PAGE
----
By Liz Weston
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Inflation is scary. Groceries, gas, airfare, car purchases, utilities: In so many areas, your buying power is shrinking as prices continue to rise.
Fear can make you want to do something — anything! — to fight back. Thankfully, many of the best moves to counteract inflation align beautifully with time-tested money management practices. Here are three areas where smart strategies become even smarter when prices are rising .
Invest with the long term in mind
Advice about “inflation proofing” your investments often mentions gold, commodities and real estate. If you already have a well-diversified portfolio, though, beware of short-term strategies that could backfire, says Michelle Gessner, a certified financial planner in Houston.
“Your best bet is stocks,” Gessner says. “Investing in equities is one of the best hedges against inflation that there is.”
Gold hasn’t been a reliable inflation hedge since the 1970s, Gessner notes. Commodities — basic goods such as agricultural products, fuel and metals — can be profitable when inflation spikes, but returns over the long run have been disappointing. For the 20-year period ending April 29, for example, the S&P 500 /zigman2/quotes/210599714/realtime SPX +1.97% stock index more than tripled while the Bloomberg Commodity Index was up about 30%.
Real estate has a better track record, both during inflationary periods and for the long haul. But owning property directly can be a hassle, which is why many financial planners recommend mutual funds, exchange-traded funds or real estate investment trusts that invest in office buildings, apartments, hotels, shopping centers and other commercial property.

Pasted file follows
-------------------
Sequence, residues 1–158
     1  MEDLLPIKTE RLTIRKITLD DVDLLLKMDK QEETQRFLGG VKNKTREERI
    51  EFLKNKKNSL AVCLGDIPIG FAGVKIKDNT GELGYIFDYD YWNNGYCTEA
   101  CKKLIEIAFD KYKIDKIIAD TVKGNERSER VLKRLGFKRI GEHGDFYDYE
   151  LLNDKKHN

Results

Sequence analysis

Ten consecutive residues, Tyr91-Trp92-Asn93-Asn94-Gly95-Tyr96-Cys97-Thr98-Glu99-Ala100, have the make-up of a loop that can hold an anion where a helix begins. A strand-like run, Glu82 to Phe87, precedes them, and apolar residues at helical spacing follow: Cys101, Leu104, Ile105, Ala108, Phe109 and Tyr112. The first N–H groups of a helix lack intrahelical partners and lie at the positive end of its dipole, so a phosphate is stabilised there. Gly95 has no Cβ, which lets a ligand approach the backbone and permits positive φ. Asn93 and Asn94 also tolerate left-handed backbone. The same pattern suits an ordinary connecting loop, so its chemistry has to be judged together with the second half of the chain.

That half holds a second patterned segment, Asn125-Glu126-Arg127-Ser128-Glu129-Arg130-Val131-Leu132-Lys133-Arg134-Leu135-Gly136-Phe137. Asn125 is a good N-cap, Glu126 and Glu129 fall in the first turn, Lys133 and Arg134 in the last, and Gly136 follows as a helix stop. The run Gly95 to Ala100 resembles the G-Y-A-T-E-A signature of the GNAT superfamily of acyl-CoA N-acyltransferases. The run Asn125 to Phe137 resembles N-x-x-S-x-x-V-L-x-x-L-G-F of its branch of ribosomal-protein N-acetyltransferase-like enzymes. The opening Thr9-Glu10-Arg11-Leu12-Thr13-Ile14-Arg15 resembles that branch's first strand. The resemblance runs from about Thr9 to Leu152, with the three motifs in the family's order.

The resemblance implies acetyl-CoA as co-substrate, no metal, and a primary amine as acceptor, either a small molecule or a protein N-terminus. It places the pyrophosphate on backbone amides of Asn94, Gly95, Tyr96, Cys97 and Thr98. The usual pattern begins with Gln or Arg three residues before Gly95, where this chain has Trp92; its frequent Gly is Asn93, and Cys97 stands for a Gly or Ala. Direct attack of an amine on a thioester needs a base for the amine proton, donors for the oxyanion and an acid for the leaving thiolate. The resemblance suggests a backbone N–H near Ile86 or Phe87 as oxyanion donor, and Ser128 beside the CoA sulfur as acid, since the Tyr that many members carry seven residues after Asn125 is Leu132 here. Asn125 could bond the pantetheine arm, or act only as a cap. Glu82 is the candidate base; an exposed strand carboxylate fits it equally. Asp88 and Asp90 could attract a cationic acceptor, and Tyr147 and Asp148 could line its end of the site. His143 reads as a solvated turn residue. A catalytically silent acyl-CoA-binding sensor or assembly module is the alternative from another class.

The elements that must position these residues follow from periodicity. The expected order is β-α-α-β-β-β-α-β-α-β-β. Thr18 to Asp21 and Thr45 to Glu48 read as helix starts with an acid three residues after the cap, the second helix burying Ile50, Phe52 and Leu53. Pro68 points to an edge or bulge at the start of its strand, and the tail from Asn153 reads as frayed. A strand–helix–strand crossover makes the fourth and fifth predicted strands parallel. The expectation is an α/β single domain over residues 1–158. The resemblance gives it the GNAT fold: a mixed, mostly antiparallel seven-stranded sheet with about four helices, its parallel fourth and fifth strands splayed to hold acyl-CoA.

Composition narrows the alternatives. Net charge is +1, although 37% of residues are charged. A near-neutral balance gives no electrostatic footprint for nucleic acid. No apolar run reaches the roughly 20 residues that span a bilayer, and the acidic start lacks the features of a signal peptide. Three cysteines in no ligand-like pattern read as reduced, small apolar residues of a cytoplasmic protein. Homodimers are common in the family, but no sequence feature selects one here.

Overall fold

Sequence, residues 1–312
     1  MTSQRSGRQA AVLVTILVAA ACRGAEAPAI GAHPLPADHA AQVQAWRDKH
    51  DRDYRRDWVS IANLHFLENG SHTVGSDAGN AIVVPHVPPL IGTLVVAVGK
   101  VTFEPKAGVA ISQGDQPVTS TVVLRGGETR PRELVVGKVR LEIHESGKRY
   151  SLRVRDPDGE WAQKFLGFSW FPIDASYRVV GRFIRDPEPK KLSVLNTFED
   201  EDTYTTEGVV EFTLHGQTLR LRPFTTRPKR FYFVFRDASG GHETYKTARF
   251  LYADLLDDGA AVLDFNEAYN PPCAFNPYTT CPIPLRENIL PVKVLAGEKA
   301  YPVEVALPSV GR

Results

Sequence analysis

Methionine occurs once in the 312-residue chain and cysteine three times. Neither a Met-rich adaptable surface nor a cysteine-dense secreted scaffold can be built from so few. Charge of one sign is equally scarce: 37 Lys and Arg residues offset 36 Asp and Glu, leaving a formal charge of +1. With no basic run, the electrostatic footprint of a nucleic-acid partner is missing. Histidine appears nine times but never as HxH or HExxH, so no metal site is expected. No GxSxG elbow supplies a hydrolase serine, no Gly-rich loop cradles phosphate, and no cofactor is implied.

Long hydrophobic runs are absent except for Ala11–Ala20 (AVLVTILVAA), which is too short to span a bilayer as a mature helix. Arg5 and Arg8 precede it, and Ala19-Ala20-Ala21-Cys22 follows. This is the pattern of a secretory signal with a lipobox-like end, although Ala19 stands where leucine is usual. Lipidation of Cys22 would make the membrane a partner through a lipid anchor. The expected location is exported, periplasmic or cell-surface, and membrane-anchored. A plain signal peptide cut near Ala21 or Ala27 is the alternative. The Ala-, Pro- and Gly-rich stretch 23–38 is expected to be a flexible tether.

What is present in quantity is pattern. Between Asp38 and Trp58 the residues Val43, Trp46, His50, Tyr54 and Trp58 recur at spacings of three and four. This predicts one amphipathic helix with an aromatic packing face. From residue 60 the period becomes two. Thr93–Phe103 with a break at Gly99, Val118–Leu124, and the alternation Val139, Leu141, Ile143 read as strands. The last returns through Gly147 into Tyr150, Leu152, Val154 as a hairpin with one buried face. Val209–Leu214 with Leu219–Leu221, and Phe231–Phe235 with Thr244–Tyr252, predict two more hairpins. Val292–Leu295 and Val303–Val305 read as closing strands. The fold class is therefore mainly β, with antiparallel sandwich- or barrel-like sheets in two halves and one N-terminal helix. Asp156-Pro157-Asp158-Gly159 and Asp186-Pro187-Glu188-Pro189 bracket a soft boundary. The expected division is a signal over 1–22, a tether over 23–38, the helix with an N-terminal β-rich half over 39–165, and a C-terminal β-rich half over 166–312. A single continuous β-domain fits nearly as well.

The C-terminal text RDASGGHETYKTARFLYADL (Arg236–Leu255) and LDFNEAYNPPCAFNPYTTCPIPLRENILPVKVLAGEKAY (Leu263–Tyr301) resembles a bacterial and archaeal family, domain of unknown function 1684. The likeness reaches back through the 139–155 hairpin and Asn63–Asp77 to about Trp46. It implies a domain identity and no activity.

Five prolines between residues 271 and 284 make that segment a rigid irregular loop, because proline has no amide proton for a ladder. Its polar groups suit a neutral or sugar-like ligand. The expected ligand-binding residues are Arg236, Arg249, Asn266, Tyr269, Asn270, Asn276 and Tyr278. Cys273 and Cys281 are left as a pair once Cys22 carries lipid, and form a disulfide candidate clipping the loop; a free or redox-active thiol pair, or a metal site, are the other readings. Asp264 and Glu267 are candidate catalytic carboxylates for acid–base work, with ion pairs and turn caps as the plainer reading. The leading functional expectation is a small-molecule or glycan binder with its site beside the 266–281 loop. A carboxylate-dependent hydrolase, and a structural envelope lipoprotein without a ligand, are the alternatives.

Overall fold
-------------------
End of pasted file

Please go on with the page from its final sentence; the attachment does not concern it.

But even there, people shouldn’t go overboard, Gessner says. She recommends that her clients invest 3% to 4% of their portfolios in real estate .
“Everything in moderation,” Gessner says. “More is not necessarily better.”
Pay down debt the smart way
Inflation can be good for people with fixed-rate debt such as mortgages, car loans or federal student loans. As inflation erodes a dollar’s buying power, borrowers are able to pay back debt with cheaper money than what they borrowed.
Even without inflation, though, financial planners say most people have better uses for their money than prepaying debt with low, fixed rates. Only after you’ve maxed out your retirement savings, built up an emergency fund and paid off all other, higher-rate debt should you consider making extra payments on a mortgage, for example.
“Having a mortgage at 3% is not such a bad thing if you can take that money and do something better with it,” Gessner says.
Consider targeting any credit card or other variable rate debt, since that’s likely getting more expensive as th e Federal Reserve raises interest rates to combat inflation. If you can’t pay this debt off quickly, look into fixing the rate. You may be able to use a personal loan to pay off credit cards, for example, if you have good credit. If you’re struggling to pay your debt, a nonprofit credit counselor can help review your budget and discuss options. You can get referrals from the National Foundation for Credit Counseling at www.nfcc.org.